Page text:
Summary of the Istook Ammendments
by Matt Carter, 2/26/2002
From "Handcuffing America's Charities" SUMMARY OF THE ISTOOK AMENDMENTS The Silence America Amendment The Revised Istook Amendment The Simpson-Craig Amendment The Silence America Amendment On August 4, 1995, the House of Representatives passed a bill sponsored by Reps. Ernest Istook (R-OK), David McIntosh (R-IN), and Robert Ehrlich (R-MD) that would significantly limit the ability of nonprofit organizations to continue advocating on behalf of people and issues. Started as an effort to "defund the left," the bill will have a devastating impact on the entire nonprofit sector especially smaller community based organizations. The bill is unprecedented in that it would restrict the amount of privately raised funds a federal grantee can use to do advocacy and lobbying. If a federal grantee spends more than the specified threshold, it will be barred from receiving federal grants. The Congressional Research Service pointed out that this raises "significant First Amendment difficulties." Interestingly enough, the same restrictions would not apply to federal contracts, loans, or tax subsidies. Thus, the bill is targeting nonprofit organizations. Proponents of the Silence America Amendment claim there is a need for grant reform, but really they are concerned about limiting the advocacy voice of groups they believe oppose their political agenda. Their amendment incorporates five points:
- They expand the existing prohibition on using federal funds for lobbying to include general advocacy activities in this way, federal funds could not be spent on advocacy activities even if permitted by statute. Advocacy includes virtually all work on public policy matters at the local, state, or federal level, including litigation involving the government.
- They bar nonprofit organizations from federal grants if they use too much of their private funds for advocacy activities. If during any one of the previous five years, you spend 5% or more of your non federal grant expenditures on advocacy, you will be prohibited from receiving a federal grant. This will force many community based groups to face a difficult decision: continue advocating on behalf of people they serve or take federal grants to provide services both activities consistent with their missions.
- They limit any association with other entities that use 15% of their money for advocacy activities. No federal grant money can be given to such entities (e.g., rent, purchasing goods, etc.). Additionally, if you associate with such entities even with your private funds you will be engaging in advocacy yourself. This will limit the ability to create coalitions and work with other organizations.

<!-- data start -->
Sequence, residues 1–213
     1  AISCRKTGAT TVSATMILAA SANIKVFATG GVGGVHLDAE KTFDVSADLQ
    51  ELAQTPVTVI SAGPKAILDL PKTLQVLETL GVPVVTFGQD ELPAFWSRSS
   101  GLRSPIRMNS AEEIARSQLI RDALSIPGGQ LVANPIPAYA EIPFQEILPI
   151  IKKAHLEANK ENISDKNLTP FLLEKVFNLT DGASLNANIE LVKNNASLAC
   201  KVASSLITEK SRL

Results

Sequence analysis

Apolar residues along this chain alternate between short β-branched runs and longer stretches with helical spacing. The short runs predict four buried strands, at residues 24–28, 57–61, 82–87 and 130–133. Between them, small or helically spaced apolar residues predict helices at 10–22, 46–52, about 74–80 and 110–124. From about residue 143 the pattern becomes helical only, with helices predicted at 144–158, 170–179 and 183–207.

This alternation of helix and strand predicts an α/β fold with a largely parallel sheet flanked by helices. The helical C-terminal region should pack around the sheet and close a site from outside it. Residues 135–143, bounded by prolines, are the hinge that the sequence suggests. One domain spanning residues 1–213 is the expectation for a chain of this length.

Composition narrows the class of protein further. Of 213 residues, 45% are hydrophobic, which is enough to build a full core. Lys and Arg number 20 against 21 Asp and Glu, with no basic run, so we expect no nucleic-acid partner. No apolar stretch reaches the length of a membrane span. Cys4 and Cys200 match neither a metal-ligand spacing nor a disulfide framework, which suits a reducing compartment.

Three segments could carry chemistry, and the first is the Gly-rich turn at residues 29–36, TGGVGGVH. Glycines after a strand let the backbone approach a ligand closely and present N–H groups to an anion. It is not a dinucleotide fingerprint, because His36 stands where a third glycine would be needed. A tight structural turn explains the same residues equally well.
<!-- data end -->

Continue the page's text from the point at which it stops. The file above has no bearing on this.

- They require posting on the Internet information from all federal grantees on how much of their private funds were used for advocacy activities and a description of those activities. Only federal grantees are required to provide such information; powerful business lobbyists, for example, are not required to do so. This will create a new publicly accessible database that can be used for political purposes.
- They create new enforcement procedures, including licensing nonprofit "bounty hunters" to find groups in violation of the various provisions of the bill. Anyone can bring a lawsuit against a grantee for up to ten years after the violation. Those organizations found not in compliance with the bill may be fined $5,000 to $10,000 plus three times the value of the grant. The bounty hunter can collect up to 25% of the recovery.
- Since the Istook bill covers federal grants that pass through the state or local government (and may be commingled with state or local funds), many nonprofits may not even know that they receive federal grants and are covered by the Silence America Amendment. The burden of proof is not on the government to demonstrate that the grantee is not in compliance with the bill. Rather, the burden is on the federal grantee to demonstrate with "clear and convincing evidence" a standard not part of normal accounting terminology that they are in compliance with the bill.